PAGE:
Study Summary


Vinci, C., Spears, C. A., Peltier, M. R., & Copeland, A. L. (2016). Facets of Mindfulness Mediate the Relationship between Depressive Symptoms and Smoking Behavior. Mindfulness, 7(6), 1408–1415.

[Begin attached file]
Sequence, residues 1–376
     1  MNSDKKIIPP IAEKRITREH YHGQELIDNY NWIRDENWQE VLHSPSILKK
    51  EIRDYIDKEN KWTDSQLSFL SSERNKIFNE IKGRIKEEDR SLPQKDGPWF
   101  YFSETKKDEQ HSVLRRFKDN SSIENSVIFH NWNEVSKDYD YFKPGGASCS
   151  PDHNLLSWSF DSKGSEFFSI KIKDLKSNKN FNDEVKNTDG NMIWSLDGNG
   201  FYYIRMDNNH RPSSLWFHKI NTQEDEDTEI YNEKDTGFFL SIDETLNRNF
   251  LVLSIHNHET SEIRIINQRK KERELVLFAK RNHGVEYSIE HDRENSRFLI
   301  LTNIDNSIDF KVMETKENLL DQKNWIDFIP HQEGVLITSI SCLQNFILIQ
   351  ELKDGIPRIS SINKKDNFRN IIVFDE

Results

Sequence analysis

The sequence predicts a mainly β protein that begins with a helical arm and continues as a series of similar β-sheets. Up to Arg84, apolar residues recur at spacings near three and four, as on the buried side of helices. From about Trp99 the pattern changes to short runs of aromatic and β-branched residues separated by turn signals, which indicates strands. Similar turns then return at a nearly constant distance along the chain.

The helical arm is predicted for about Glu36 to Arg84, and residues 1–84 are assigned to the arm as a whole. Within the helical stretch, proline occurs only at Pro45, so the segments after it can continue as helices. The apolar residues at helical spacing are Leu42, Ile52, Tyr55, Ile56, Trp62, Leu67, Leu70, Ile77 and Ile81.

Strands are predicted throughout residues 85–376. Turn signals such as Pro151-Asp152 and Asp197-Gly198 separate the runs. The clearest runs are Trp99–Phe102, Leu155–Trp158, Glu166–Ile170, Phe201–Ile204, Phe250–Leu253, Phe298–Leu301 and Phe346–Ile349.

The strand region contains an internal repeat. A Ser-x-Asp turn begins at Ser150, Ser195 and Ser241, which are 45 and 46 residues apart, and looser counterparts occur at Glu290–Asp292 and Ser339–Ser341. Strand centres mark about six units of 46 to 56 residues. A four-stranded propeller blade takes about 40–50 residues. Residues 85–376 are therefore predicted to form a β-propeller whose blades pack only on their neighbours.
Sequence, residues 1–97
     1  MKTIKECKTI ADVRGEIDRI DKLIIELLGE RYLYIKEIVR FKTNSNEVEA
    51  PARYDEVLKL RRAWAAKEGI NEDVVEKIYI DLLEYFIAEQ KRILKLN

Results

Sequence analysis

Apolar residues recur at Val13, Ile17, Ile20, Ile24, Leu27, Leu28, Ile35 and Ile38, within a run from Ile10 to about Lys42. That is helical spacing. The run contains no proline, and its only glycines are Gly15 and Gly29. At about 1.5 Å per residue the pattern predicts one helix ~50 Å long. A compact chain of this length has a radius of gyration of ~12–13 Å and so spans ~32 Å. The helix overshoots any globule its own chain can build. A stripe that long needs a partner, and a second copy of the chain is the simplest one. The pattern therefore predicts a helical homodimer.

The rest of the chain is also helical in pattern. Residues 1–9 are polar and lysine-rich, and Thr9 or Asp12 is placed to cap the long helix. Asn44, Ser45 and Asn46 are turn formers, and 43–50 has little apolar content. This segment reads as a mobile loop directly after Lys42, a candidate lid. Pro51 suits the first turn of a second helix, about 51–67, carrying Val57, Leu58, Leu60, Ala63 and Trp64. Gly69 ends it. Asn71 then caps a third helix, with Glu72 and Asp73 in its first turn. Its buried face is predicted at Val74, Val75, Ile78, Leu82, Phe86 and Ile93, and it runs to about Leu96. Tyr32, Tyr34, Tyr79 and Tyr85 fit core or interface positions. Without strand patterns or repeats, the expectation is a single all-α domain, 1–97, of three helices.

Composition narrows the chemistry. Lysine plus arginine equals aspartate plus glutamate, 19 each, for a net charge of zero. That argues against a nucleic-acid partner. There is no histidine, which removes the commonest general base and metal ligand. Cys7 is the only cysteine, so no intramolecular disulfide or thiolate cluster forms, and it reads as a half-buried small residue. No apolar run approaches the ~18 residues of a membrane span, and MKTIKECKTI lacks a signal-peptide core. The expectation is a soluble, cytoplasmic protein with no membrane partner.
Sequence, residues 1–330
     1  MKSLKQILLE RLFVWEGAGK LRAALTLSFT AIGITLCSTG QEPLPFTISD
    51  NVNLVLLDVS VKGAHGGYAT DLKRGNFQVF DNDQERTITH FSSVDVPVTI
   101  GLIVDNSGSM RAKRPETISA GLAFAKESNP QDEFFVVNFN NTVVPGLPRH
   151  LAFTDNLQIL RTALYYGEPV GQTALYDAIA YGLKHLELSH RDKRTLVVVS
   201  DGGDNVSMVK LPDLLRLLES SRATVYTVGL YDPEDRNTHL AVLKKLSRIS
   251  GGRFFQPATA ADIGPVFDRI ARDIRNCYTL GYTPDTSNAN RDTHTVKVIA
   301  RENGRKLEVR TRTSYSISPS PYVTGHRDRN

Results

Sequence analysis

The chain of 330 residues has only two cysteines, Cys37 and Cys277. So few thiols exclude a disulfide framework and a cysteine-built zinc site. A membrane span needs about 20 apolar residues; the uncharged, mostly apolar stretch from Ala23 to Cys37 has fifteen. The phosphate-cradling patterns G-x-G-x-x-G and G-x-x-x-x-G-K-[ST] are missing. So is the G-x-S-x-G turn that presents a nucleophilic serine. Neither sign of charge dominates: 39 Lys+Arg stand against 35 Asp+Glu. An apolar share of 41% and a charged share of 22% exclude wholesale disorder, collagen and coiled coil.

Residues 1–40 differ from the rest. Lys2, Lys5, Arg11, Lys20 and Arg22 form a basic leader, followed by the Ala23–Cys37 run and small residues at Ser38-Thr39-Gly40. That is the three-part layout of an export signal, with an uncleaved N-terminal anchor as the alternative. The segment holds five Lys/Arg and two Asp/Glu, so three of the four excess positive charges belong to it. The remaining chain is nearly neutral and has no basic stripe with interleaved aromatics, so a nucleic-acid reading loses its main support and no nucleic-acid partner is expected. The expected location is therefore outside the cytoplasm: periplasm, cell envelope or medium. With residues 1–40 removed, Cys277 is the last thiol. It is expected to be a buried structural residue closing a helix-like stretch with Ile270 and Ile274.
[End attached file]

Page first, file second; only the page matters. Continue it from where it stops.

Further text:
The relationship between cigarette smoking and depressive symptoms is well-established. Dispositional mindfulness has been associated with lower depressive symptoms, lower smoking dependence, and higher odds of smoking cessation. Given that mindfulness is multi-faceted, the current study examined which facets of mindfulness might mediate the relationship between depressive symptoms and smoking behavior. Participants (n = 72) completed the Smoking Consequences Questionnaire (SCQ), Center for Epidemiologic Studies Depression Scale (CESD), and Kentucky Inventory of Mindfulness Skills (KIMS; subscales-Observe, Describe, Acting with Awareness, Accepting without Judgment), and indicated number of cigarettes smoked per day (CPD). Simple mediation models (followed by multiple mediation when more than one facet was significant) tested whether mindfulness facets mediated the relationship between CESD and smoking behavior (CPD and SCQ subscales). Results indicated that 1) lower depressive symptoms were associated with higher Accepting without Judgment, which was related to lower Negative Reinforcement expectancies, 2) lower depressive symptoms were associated with increased Describe, which was associated with greater perceived Negative Consequences, 3) lower depressive symptoms were associated with higher Accepting without Judgment, which was associated with lower Negative Consequences expectancies, and 4) higher depressive symptoms were associated with higher scores on Observe, which related to both greater Positive Reinforcement and Negative Consequences expectancies. Greater Accepting without Judgment and Describe aspects of mindfulness may serve as protective factors in the relationship of depressive symptoms and smoking.